Two judges Bench of the Supreme Court comprised of Justice M. R. Shah and Justice Sanjiv Khanna while hearing a criminal appeal observed that merely because the prosecution case rests on circumstantial evidence cannot be a ground to release the accused on bail, if during the course of the investigation the evidence/material has been collected and prima facie the complete chain of events is established.
The above observation came in a criminal appeal which was filed by the appellant (father of the deceased) against the order of the High Court by virtue of which bail was granted to the accused/respondent no. 2 who was facing trial for the commission of offences under Sections 302, 120(B), 114, 304A of the IPC and under Sections 177, 184 & 134 of the Motor Vehicle Act.
As per the prosecution, the respondent no. 2 / accused hatched a criminal conspiracy with other co-accused to kill his wife to make out a case of accidental death with intention to receive monetary benefits as the respondent no.2 had taken the accidental insurance policy jointly with his wife of Rs. 60 lakhs. To execute his plan, the respondent no. 2/accused also paid Rs. 2 Lakhs to the driver of the offending vehicle to treat the offence as an accident in collision with each other.
The accused/respondent no. 2 had earlier filed a regular bail application before the Court of Sessions which came to be dismissed and thereafter the accused preferred the bail application under Section 439 CrPC before the High Court and the High Court by way of impugned order has granted bail to the accused/respondent no. 2.
The appellant assailed the order of the High Court on the grounds that the High Court granted bail to the accused without adverting to the material collected during the investigation and without considering the gravity of the offence and the criminal conspiracy hatched by the accused to kill his wife for monetary benefits.
The appellant submitted that the High Court not assigned any reasons except that it is a case of circumstantial evidence which can be said to be a weak piece of evidence.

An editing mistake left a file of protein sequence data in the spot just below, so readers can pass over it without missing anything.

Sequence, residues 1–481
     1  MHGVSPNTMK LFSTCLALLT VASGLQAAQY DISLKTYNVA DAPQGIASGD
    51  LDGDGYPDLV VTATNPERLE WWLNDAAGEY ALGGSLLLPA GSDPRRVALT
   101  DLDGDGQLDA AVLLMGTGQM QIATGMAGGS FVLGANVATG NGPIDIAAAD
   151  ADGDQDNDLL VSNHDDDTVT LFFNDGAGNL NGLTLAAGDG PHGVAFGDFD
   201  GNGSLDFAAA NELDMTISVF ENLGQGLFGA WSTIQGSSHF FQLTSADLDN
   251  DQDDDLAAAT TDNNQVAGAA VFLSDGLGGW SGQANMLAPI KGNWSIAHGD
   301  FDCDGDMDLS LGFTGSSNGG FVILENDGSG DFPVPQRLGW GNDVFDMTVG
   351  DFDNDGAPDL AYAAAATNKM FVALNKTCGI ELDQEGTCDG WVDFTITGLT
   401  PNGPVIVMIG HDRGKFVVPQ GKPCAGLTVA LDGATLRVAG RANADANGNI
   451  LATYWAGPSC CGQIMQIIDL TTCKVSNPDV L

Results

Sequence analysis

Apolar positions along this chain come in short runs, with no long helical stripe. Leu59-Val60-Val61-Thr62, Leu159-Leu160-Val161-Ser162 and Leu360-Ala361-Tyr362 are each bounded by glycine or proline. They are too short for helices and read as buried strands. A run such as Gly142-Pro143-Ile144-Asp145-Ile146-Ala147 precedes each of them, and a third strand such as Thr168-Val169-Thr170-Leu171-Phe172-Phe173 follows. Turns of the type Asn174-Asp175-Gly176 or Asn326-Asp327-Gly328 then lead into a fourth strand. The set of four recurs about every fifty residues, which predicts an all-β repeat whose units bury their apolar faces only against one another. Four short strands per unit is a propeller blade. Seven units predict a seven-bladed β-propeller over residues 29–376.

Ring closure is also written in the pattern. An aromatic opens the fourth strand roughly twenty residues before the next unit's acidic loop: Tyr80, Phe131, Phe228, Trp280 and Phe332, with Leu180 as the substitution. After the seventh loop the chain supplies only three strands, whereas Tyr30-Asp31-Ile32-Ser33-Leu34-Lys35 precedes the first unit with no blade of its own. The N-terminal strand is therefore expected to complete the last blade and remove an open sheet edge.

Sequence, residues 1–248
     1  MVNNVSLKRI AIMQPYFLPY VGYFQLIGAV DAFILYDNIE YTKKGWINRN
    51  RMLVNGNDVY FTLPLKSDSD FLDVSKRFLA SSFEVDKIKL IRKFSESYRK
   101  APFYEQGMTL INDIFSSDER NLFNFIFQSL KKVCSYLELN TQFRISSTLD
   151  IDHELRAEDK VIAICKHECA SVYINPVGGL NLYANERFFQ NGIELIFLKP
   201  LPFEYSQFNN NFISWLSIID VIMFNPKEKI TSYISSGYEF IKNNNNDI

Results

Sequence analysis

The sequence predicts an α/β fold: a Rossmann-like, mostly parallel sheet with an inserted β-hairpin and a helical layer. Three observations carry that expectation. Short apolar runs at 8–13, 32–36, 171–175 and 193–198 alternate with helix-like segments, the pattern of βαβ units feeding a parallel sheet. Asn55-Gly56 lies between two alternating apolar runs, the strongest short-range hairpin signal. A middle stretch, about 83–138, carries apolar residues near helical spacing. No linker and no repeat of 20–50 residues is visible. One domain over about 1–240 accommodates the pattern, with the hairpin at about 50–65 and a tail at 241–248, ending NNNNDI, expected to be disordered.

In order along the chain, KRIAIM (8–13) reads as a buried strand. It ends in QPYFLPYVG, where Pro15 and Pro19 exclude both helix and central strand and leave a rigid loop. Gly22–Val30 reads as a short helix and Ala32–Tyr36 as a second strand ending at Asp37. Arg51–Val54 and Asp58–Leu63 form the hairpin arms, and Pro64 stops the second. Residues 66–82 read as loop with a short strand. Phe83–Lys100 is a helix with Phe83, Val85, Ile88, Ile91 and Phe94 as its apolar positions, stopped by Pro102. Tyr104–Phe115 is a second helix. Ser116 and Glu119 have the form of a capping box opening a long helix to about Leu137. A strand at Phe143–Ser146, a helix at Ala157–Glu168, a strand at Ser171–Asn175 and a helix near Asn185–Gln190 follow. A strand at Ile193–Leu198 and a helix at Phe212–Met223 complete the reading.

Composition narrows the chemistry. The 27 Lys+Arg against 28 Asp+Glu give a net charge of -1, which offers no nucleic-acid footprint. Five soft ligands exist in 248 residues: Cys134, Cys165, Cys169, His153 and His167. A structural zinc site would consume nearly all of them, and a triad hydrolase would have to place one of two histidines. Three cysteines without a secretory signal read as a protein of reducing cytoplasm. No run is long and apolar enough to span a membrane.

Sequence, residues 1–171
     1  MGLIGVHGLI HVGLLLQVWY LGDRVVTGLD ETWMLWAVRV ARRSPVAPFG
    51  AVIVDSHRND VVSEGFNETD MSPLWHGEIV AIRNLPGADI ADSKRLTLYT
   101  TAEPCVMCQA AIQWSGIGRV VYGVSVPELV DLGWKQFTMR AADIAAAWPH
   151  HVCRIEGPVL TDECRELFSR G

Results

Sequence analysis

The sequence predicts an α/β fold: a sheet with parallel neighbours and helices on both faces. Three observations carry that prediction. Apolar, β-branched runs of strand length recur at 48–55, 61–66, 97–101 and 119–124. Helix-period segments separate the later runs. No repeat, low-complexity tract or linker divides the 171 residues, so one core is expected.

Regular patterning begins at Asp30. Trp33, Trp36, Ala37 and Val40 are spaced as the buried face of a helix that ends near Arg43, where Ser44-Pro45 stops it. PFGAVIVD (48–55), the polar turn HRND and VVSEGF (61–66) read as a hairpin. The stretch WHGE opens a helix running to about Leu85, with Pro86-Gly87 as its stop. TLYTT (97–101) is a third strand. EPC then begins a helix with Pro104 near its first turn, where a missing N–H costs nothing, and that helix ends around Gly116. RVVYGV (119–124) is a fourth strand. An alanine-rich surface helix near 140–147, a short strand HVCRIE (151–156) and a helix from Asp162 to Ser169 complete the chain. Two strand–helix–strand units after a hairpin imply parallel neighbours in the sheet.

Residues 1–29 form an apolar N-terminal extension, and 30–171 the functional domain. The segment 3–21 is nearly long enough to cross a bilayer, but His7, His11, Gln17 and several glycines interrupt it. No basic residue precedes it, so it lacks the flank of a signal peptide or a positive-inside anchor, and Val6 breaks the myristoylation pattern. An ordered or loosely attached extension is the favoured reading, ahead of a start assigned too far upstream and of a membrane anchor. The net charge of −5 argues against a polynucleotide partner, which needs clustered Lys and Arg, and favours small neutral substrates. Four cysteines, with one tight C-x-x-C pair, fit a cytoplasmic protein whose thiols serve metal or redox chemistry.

Observations of the Court:
The Court while accepting the submission of the appellant observed that the High Court has not at all adverted to the material collected during the course of investigation.
The High Court has directed to release respondent no.2 in such a serious offence of hatching conspiracy to kill his wife, by simply observing that as it is a case of circumstantial evidence, which is a weak piece of evidence, it is not legal and proper to deny bail to respondent no.2.
Merely because the prosecution case rests on circumstantial evidence cannot be a ground to release the accused on bail, if during the course of the investigation the evidence/material has been collected and
prima facie the complete chain of events is established, the Court observed.
The Court said that the reasons given by the High Court can hardly be a ground to release the accused on bail in a case of committing the offence under Section 302 read with 120B IPC and in a case of hatching conspiracy to kill his wife.
The Court after relying upon various judgments in matters of grant of bail held that the impugned order of the High Court cannot be sustained and deserves to be set aside and further directed the accused to surrender before the Jail authorities within one week.
Ishwarji Nagaji Mali vs State of Gujarat and another
CRIMINAL APPEAL NO. 70 OF 2022
Coram: Justice M. R. Shah and Justice Sanjiv Khanna
Date of Judgment: 18-01-2020